Construction of the new Merlis Belsher Place has officially reached the halfway mark.
On Tuesday, members of the media were given a tour of the $42.9-million multi-sport complex that will become the home of the University of Saskatchewan Huskies hockey teams.
Guiding the tour was Lorne Wright of Wright Construction, U of S president Peter Stoicheff and major donor Merlis Belsher.
Stoicheff was pleased to see how construction is progressing for the university’s highly anticipated venue.
“It is great to note that we are now halfway through construction, so if things keep progressing as they have, it is safe to say that we are actually a little ahead of schedule,” Stoicheff said. “Merlis Belsher Place is such an important facility, not just for the university, but for our entire community.”
“This is an exciting project and we are looking forward to opening this remarkable facility in the fall.”
The complex will feature two full-size sheets of ice, two full-size basketball courts and dressing rooms for Huskie hockey, basketball and soccer teams. There will also be spaces for alumni, officials, physiotherapy services and a dozen dressing rooms for community groups and teams. Seating capacity will initially be 2,614 upon opening and will later expand to 3,546.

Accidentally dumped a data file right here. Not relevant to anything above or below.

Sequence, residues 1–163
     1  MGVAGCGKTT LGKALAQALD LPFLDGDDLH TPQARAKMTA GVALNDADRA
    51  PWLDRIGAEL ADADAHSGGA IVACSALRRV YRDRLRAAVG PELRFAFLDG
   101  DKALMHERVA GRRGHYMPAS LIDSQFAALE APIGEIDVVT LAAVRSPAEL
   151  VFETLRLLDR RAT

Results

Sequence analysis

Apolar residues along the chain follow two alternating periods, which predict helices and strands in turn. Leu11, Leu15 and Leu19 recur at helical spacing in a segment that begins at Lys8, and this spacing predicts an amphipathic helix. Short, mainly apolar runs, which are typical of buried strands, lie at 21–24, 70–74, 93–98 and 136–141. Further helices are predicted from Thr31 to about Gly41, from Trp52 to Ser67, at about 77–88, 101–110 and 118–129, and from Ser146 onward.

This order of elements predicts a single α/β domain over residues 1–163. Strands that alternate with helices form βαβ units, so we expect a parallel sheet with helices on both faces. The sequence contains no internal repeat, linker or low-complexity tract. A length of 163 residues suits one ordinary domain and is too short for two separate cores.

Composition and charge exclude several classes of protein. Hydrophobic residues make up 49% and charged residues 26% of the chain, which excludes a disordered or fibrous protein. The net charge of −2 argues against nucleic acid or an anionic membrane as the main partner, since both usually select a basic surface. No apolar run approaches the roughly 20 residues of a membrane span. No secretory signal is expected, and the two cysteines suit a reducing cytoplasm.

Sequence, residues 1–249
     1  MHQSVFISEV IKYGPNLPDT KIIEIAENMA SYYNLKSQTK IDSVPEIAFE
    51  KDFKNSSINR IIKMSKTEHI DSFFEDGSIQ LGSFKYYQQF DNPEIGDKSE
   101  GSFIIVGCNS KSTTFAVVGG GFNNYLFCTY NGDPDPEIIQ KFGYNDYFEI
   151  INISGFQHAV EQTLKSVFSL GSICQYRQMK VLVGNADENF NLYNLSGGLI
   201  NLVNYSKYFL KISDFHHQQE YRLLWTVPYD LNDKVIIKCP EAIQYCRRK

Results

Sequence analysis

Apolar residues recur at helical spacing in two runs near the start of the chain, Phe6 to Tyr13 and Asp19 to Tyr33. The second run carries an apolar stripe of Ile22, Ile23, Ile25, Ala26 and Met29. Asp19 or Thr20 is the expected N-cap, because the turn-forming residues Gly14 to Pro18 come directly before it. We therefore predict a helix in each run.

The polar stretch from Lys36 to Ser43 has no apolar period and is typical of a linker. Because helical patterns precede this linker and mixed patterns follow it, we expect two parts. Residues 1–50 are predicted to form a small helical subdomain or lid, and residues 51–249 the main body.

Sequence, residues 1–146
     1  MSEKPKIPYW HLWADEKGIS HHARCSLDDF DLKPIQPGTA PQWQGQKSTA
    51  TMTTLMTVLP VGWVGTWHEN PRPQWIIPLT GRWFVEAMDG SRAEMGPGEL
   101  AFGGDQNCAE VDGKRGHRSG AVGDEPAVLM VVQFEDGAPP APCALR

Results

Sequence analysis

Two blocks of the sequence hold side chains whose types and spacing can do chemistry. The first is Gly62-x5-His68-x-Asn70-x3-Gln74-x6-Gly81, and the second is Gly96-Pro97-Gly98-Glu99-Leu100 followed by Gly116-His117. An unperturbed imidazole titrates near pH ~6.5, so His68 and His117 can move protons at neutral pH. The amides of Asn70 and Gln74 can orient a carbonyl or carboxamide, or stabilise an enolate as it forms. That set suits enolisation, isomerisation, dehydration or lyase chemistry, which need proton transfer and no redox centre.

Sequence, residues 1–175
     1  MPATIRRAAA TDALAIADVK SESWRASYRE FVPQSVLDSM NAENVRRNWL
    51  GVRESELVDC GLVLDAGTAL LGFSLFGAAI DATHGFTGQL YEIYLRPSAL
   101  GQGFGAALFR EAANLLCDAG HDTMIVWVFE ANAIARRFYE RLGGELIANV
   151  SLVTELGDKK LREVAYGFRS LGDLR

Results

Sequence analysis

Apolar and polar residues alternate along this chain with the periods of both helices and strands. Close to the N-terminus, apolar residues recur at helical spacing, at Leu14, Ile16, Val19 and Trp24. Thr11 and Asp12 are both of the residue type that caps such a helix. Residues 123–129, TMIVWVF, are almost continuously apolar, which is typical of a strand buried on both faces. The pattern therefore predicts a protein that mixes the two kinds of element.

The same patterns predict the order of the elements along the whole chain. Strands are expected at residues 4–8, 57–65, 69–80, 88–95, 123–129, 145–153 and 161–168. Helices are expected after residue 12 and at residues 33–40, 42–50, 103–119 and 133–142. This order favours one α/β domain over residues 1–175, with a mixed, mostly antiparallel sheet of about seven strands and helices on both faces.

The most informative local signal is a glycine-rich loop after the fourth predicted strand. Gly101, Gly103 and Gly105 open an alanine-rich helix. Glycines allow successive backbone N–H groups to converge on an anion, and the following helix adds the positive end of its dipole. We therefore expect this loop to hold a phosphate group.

The new arena will help ease a shortage of available ice time in the city, with 1,500 hours devoted to Saskatoon Minor Hockey every year.
Belsher was in awe as he toured the building that will bear his name.
“I never would have imagined, when I was first approached, that it would be this kind of a facility,” said Belsher. “It’s truly a multi-purpose facility, so I am overwhelmed, actually. It’s great.”
Belsher, a local businessman and philanthropist, kicked the project off with a $12.25-million donation. The donation was the largest single contribution from an alumnus in U of S history.
Construction began in April 2017 and is expected to wrap up in the fall. Official grand opening ceremonies are slated for 2019.
Merlis Belsher Place will replace the aging Rutherford Place that was built in 1929.